The elves and I have finally figured out how to trust each other.

For various books and articles, I have written acknowledgments stocked with many statements of gratitude to the people who have helped me. But those acknowledgments have always omitted the most important figures of all. At long last, “Not my First Rodeo” and “Did Anyone Else Notice?” have provided me with the occasion to offer a long overdue statement of gratitude:

Thank you, elves. I couldn’t have done this without you.

And now an odd request to all readers: please consider sharing the story of the labor agreement between me and the elves with all the nervous young writers you already know or will meet in the future. The story may just seem silly the first time an ambitious young writer hears it. But I can almost guarantee that the time will come, when it will deliver both inspiration and comfort.

green shoes being fixed cartoon


“We Shall Never Again Be as We Were”

This post was going to be consistently cheerful in spirit, conveying the simple message that there will be a moratorium on Center of the American West blogs, and that they will return, though maybe with a different pacing, a different mission, and a different relationship between their producer and their consumers.

So I was aiming at cheer and simplicity, but that solemn and sometimes even ponderous American novelist Henry James kept getting in my way.

If I had been left to determine my own fate in life, I would never have read a word written by Henry James. But his books kept appearing on syllabuses. Every time I thought I had escaped him, another professor sent me back into a literary space that seemed perfectly designed to trigger claustrophobia. Worst of all, by the time I got to the end of his sentences, I had often forgotten how they began. If I suddenly found myself with time to reread a book purely for pleasure, the chances of me settling down with a Henry James novel remain very slim.

The impact of Covid-19 on the world has many tragic dimensions, but the impact also has many aspects that demonstrate the capacity of human beings to change in ways they never saw coming. In one of the most trivial of these demonstrations of change, I have been surprised by the onset of frequent thoughts about Henry James. This might be because his novels involve people encountering each other in close quarters, where even a small gesture or exclamation can devastate or heal, a situation that characterized the lives of many in the last year.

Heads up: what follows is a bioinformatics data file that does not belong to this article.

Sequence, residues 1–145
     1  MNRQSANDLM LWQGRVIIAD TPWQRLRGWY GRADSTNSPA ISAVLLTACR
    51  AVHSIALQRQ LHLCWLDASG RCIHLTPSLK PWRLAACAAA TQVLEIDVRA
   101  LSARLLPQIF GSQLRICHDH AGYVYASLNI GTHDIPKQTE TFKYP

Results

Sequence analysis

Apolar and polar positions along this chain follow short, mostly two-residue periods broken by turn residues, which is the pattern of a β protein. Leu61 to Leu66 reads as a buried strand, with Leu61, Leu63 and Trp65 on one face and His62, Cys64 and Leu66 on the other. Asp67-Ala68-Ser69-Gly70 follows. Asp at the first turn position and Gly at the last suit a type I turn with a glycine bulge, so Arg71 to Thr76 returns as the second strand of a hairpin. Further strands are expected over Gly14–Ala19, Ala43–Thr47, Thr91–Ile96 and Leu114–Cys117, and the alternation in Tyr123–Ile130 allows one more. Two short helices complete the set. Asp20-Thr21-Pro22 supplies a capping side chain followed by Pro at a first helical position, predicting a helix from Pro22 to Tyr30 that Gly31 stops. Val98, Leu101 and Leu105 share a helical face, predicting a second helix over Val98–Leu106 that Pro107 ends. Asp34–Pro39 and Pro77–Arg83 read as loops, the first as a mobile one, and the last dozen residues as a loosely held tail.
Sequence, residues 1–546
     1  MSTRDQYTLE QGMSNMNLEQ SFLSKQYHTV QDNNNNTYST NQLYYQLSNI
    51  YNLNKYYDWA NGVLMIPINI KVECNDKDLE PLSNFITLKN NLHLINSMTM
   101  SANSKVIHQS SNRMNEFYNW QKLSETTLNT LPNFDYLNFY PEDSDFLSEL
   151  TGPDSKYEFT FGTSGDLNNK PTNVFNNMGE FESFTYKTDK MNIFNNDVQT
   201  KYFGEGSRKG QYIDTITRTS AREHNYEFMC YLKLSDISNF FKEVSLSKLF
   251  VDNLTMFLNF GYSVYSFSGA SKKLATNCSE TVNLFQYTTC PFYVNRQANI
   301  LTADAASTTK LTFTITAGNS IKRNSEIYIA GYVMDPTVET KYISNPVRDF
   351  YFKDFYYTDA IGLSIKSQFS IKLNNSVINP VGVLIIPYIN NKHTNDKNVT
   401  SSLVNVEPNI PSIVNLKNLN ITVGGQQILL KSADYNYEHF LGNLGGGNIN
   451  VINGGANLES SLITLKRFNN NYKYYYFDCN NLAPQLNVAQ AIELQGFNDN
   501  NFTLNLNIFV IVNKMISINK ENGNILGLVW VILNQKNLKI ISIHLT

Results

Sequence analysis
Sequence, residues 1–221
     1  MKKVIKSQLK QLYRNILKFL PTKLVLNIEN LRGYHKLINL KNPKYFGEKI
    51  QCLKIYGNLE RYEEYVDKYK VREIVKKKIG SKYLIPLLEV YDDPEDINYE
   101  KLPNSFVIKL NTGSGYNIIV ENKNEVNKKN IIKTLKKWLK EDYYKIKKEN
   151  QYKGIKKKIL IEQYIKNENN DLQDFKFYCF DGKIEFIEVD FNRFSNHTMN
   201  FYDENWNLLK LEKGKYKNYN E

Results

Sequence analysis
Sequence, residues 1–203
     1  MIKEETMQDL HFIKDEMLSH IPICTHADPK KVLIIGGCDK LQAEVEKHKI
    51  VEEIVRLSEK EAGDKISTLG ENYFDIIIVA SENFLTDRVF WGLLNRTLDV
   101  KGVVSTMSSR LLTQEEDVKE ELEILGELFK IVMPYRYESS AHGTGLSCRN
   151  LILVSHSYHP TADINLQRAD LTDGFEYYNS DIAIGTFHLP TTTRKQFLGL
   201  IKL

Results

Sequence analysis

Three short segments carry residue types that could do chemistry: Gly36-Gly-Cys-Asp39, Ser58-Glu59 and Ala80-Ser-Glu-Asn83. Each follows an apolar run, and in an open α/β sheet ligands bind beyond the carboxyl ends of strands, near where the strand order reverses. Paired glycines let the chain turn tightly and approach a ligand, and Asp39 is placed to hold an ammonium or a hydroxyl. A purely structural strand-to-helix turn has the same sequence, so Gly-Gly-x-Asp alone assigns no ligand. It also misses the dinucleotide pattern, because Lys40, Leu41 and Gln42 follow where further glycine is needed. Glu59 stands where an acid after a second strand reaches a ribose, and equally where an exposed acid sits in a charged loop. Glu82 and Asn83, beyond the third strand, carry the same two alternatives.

For other reasons, my preoccupation with Henry James accelerated when the number of infections and deaths from Covid-19 began dropping in most areas of the United States. When more and more people got vaccinations, and the idea that our lives might return to normal received more and more and more consideration, I found my mind locked in contemplation of thirty-nine words at the end of James’s novel, The Wings of the Dove.


Not because of the plot of the novel, which has little bearing on our efforts to determine if we are actually entering a post-pandemic era. But here, to provide context for the thirty-nine words that appear (with utterly uncharacteristic clarity and brevity) at the end The Wings of the Dove, is the world’s most efficient plot summary of a very complicated novel.

In London at the turn of the twentieth century, Kate Croy and Merton Densher are in love, engaged, and very short on money. When an extremely rich young woman enters their social circle, and when it seems very possible that she has an incurable illness, Kate enlists her fiancé in a scheme. Densher will court the young heiress and marry her. The heiress will die soon; Densher will inherit her fortune; and Kate and Densher will then have sufficient money to realize their dream and marry each other.

This scheme—mostly— works. The heiress is dead. Densher has his inheritance. But he has also found his conscience, an awakening that Kate did not see coming and does not welcome.

Here is the ending, a dialogue between Kate and Densher, thirty-nine words that will not stop playing and replaying in my mind:

Then he only said, “I’ll marry you, mind you, in an hour.”
“As we were?”
“As we were.”
But she turned to the door, and her headshake was now the end. “We shall never be again as we were!”

Whenever a public official or a commentator or a friend says, “We are getting back to normal,” I can only hear Kate saying, “We shall never be again as we were!”

I know Kate is only a fictional character but since she won’t stop intruding into my mind, I feel I have been given the right to speak to her directly.

“You are absolutely right, Kate: ‘we shall never be again as we were.’ We have been irrevocably changed by the pandemic. While few of us behaved as badly as you and Densher, we all did some things that were misguided, ill-thought-out, and very self-centered. But your words—“We shall never be again as we were”—carry multiple meanings, and those meanings cover the whole range from hope to despair.”

The impact of Covid-19 on the world has many tragic dimensions. But the impact also has many aspects that demonstrate the extraordinary capacity of human beings to change.

Even if we retreat to old habits of under-estimating our resilience and persistence, we can no longer claim that this is just the way we are, and who we have to be.

For those of us who have been given room to push past predictability and who have been spared lasting sorrow, when we join Kate in saying “we shall never again be as we were,” our next remark will sometimes be, “Thank heavens.”


photo of Patty Limerick's signature
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The Wings of the Dove


Photo Credit:

Old Store front image courtesy of: Pixabay

The Wings of the Dove book  image courtesy of: Wikipedia

We will be back soon image courtesy of: Flickr